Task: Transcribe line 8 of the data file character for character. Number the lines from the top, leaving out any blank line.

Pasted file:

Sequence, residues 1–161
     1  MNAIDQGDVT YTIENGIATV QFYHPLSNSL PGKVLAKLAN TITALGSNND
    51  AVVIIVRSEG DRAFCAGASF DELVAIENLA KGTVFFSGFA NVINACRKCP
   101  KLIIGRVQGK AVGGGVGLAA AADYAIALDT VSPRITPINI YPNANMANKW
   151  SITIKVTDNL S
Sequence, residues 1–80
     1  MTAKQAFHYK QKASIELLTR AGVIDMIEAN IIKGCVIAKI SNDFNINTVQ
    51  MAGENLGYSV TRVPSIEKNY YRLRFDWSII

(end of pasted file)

    51  MAGENLGYSV TRVPSIEKNY YRLRFDWSII